He intends to walk across Tallulah Gorge on or very near July 18, 2015, his agent, Winston Simone, said Friday.
That will be the 45th anniversary of the day Karl Wallenda successfully crossed it as an estimated 30,000 spectators watched. Karl Wallenda later fell to his death while trying to walk a cable between two buildings in San Juan, Puerto Rico, in 1978.
An application for an event would have to be submitted to state officials because the gorge is part of Tallulah Gorge State Park, said Kim Hatcher, a spokeswoman with Georgia State Parks. She said it wasn’t known how long it might take to approve that once it’s submitted.
“I don’t know of any public event that we have hosted of this magnitude,” Hatcher said, adding that state officials are very interested in the idea.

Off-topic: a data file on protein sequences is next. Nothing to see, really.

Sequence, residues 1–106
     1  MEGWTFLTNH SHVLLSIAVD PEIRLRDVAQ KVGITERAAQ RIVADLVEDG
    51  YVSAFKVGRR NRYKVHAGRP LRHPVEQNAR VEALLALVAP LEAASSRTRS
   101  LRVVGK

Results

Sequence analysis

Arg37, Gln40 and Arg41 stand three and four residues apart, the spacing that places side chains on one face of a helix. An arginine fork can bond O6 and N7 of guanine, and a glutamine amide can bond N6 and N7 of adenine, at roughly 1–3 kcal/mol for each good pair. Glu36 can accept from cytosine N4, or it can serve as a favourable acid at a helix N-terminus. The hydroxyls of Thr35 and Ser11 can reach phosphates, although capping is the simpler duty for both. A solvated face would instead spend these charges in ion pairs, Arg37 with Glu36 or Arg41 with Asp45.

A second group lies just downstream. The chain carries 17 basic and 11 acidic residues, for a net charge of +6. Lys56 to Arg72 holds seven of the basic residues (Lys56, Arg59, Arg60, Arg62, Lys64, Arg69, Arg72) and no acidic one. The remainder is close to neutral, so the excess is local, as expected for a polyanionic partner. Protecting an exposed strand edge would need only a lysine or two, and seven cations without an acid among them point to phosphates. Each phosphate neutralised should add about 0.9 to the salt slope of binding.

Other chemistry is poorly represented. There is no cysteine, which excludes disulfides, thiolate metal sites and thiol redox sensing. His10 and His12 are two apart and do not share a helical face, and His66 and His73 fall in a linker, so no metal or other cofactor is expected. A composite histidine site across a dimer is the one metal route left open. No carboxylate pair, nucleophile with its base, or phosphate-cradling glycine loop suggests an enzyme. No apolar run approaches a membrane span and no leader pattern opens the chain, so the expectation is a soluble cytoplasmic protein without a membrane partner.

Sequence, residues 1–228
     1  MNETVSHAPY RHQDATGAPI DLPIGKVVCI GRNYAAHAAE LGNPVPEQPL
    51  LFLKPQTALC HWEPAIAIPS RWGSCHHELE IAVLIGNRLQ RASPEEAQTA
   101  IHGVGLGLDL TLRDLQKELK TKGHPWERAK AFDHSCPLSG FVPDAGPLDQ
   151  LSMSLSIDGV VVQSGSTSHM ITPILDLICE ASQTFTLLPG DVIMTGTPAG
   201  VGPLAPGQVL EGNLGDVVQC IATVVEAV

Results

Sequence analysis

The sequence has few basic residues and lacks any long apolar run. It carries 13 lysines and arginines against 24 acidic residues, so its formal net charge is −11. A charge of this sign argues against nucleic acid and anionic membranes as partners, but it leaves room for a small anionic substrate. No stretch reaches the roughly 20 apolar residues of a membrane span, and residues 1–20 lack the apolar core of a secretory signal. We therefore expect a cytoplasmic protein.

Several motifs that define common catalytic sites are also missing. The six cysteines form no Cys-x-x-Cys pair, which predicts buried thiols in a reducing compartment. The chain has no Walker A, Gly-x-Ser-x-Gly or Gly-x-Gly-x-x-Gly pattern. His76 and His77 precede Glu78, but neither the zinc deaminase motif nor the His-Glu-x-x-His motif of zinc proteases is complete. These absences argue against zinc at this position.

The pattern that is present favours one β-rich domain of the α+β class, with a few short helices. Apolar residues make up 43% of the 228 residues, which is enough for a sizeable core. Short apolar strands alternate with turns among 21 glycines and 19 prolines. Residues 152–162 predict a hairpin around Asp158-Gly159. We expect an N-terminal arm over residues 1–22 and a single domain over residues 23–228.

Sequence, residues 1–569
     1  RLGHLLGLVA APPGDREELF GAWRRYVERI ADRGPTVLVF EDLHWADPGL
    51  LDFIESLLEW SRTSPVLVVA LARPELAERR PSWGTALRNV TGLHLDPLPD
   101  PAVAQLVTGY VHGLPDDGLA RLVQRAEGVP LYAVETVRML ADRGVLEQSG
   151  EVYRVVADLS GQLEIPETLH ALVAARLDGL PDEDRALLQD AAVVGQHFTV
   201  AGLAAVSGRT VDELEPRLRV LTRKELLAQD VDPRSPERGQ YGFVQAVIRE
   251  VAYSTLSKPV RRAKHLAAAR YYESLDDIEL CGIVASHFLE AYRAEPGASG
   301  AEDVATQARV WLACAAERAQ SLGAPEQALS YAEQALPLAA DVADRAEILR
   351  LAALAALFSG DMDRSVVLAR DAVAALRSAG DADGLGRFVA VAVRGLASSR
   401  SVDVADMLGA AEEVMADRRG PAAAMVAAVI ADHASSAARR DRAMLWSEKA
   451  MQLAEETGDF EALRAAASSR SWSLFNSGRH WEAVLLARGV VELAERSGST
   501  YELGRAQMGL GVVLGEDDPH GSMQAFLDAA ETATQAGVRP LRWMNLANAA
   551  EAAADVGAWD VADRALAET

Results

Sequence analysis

“We are very interested in working with his team,” Hatcher said. “This would be an opportunity for national exposure for the park.”
Wallenda discussed the idea of crossing Tallulah Gorge in an interview with The Associated Press hours after he traversed a 100-foot-high tightrope inside the Georgia Dome in Atlanta on Feb. 8.
The idea of crossing the same span that his great-grandfather did holds enormous appeal to him, he said then. “To be able to walk literally in his footsteps is what my life’s about,” he said after the Georgia Dome walk.
The gorge walk would add to Nik Wallenda’s accomplishments that include his crossing of Niagara Falls in 2012 and a gorge in the Grand Canyon area of Arizona last year.
Aside from engineering and rigging a cable across Tallulah Gorge, high winds could also present challenges. Early Friday morning, for instance, a 28-mph wind gust was recorded at a U.S. Forest Service weather station in the area.
Wallenda, of Sarasota, Fla., recently announced plans to perform in a twice-daily show this summer at the Darien Lake amusement park in western New York.